Http and websockets logging handlers

Hello, this posts will be about 3 specific logging handlers: HTTPHandler, SocketHandler and DatagramHandler.


Let’s start with HTTPHandler: reading python docs about HTTPHandler we can see that:

The HTTPHandler class, located in the logging.handlers module, supports sending logging messages to a Web server, using either GET or POST semantics.

So this will be useful to have such handler in case of many different modules in different machines that sends logs to one central server.

As an example, I will build simple flask application which prints out the logging message from the client.

To install Flask:

$ pip install Flask

Then make

from flask import Flask, request

app = Flask(__name__)

@app.route("/", methods=['POST', 'GET'])
def hello():
for key, value in request.args.items():
return 'response' # it has to return something

if __name__ == "__main__":

To send some data, create script called

import logging
import logging.handlers

logger = logging.getLogger(__name__)

server = ''
path = '/'
method = 'GET'

sh = logging.handlers.HTTPHandler(server, path, method=method)


logger.debug("Test message.")


Now let’s move to the SocketHandler: this is what python docs say about it

The SocketHandler class, located in the logging.handlers module, sends logging output to a network socket. The base class uses a TCP socket.

Based on this we can now guess that web socket will receive logging message.Then we can process it further. It will be useful when there is a lot of logs to be sent to the server. So opening HTTP connection every time is not a good solution.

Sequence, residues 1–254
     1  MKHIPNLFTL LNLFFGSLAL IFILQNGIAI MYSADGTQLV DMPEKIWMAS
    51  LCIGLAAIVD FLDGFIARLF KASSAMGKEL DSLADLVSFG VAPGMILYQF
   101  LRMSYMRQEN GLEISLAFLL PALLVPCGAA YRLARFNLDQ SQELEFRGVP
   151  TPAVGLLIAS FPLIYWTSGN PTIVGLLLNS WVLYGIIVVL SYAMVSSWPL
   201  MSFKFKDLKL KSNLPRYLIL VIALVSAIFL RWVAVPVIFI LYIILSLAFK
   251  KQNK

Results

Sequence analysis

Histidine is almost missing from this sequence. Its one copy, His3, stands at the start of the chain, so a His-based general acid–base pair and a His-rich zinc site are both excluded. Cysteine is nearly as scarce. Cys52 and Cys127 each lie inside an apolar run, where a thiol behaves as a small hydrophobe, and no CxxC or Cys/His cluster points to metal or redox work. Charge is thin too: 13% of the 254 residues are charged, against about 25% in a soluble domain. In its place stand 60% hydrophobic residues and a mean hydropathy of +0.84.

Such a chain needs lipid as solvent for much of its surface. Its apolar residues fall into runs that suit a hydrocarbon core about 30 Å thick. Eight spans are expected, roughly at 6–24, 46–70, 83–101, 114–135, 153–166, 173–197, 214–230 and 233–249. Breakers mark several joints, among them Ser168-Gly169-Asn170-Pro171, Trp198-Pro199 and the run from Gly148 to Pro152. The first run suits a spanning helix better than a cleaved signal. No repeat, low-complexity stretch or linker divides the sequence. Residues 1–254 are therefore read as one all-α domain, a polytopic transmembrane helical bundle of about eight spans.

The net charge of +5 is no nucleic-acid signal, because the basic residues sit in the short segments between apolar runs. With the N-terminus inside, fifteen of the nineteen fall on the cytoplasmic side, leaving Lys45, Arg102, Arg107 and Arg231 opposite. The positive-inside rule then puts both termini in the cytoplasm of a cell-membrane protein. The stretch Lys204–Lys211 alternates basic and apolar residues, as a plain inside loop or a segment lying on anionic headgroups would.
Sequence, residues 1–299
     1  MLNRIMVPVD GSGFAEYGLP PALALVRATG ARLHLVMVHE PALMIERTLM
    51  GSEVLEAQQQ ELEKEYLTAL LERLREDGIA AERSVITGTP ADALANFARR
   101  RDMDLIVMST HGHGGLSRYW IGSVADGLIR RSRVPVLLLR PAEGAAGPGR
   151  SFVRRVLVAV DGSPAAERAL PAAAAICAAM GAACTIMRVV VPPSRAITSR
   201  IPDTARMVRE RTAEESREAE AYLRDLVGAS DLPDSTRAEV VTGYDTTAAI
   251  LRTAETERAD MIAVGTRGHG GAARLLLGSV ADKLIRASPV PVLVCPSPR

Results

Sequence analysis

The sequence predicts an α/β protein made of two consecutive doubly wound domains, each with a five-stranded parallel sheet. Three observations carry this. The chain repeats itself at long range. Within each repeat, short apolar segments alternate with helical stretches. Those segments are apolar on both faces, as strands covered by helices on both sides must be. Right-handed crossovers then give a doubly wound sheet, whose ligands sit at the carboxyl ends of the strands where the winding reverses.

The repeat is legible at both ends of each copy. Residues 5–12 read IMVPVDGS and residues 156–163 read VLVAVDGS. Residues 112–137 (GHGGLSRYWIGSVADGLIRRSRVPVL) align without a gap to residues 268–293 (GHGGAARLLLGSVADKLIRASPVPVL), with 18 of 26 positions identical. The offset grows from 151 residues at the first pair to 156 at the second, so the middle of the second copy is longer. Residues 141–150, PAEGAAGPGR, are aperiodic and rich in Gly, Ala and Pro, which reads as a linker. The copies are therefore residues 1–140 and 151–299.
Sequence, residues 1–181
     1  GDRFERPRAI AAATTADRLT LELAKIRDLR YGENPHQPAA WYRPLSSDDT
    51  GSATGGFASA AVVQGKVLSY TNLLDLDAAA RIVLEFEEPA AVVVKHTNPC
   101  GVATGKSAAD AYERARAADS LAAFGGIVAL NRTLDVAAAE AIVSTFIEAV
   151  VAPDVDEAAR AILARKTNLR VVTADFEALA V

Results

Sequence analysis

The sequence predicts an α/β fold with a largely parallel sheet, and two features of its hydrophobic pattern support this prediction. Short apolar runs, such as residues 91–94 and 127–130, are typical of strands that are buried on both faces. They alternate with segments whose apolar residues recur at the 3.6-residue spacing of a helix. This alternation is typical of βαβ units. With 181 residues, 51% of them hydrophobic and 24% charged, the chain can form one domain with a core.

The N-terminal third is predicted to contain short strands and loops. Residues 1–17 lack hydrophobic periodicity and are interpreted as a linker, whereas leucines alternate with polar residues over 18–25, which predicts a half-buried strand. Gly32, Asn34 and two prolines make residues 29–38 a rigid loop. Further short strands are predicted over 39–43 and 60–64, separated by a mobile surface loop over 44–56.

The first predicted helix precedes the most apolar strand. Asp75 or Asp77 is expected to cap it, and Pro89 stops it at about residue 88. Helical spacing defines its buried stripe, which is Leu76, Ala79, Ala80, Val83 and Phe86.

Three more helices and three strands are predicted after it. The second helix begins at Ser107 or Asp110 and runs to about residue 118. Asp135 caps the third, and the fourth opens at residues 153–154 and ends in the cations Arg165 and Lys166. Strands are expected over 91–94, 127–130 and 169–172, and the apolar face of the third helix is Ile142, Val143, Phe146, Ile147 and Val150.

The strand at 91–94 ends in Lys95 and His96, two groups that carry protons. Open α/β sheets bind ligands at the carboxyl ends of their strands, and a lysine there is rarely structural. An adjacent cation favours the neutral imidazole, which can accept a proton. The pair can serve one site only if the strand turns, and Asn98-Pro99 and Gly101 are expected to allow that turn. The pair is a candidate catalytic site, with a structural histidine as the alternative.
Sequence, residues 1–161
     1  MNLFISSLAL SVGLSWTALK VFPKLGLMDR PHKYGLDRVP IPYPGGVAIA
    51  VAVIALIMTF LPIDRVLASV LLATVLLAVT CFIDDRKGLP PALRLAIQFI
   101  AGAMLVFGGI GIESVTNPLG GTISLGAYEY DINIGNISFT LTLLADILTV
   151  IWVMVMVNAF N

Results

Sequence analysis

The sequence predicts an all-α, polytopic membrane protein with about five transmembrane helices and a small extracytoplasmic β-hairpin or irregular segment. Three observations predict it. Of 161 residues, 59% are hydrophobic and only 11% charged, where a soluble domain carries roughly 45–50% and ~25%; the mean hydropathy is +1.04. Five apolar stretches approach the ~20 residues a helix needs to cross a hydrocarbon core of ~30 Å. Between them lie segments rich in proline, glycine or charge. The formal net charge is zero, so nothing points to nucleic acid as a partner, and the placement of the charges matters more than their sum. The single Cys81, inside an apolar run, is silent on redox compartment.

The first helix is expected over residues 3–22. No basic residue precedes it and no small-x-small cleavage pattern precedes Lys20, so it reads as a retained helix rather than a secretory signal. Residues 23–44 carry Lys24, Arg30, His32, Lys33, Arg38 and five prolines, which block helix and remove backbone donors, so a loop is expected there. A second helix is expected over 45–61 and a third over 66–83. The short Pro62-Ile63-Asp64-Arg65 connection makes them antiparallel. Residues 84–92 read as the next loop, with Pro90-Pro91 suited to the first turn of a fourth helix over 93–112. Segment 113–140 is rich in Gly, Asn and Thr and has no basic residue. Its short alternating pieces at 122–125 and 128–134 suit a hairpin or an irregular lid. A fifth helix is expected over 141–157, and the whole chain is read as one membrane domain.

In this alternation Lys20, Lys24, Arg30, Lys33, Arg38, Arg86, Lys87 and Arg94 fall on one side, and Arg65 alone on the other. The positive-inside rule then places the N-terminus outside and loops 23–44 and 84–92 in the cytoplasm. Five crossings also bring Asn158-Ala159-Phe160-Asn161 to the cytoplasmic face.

So first we need some TCP server:

class LogRecordSocketReceiver(socketserver.ThreadingTCPServer):
    allow_reuse_address = True

    def __init__(self, host='localhost',
        socketserver.ThreadingTCPServer.__init__(self, (host, port), handler)
        self.abort = 0
        self.timeout = 1
        self.logname = None

    def serve_until_stopped(self):
        import select
        abort = 0
        while not abort:
            rd, wr, ex =[self.socket.fileno()],
                                       [], [],
            if rd:
            abort = self.abort

def main():
    tcpserver = LogRecordSocketReceiver()
    print('About to start TCP server...')

if __name__ == '__main__':

What is going on here? In the main function we instantiate threading TCP server and we serve it until we don’t hit Ctrl+C. In the serve_until_stopped method of LogRecordSocketReceiver we are waiting for the key combination to the stop server and if this not happening the we retrieve information about the socket by self.socket.fileno() which is a descriptor of a socket. Then we pass it to another function call: this time select(). Select is system call for examining the status of file descriptors of open input/output channels which in this case is information from the socket. If there is anything ready to be read we handle the request and process it.

To process it we need handler:

class LogRecordStreamHandler(socketserver.StreamRequestHandler):

    def handle(self):
        while True:
            chunk = self.connection.recv(4)
            if len(chunk) < 4:
            slen = struct.unpack('>L', chunk)[0]
            chunk = self.connection.recv(slen)
            while len(chunk) < slen:
                chunk = chunk + self.connection.recv(slen - len(chunk))
            obj = pickle.loads(chunk)

In method handle we read chunks of information from sent logging message. The chunk is byte type so then we need to translate it to python object by calling pickle.loads().


Lastly, there is DatagramHandler which supports sending logging messages over UDP.

The actual code is very similar to SocketHandler:

class MyUDPHandler(socketserver.BaseRequestHandler):
    def __init__(self, request, client_address, server):
        socketserver.BaseRequestHandler.__init__(self, request,

    def handle(self):
        msg, socket = self.request
        print("{} wrote:".format(self.client_address[0]))
        socket.sendto(msg.upper(), self.client_address)

Thanks to RooTer answer on stackoverflow I got this working by omitting first 4 bytes of data because they contain length of dumped object.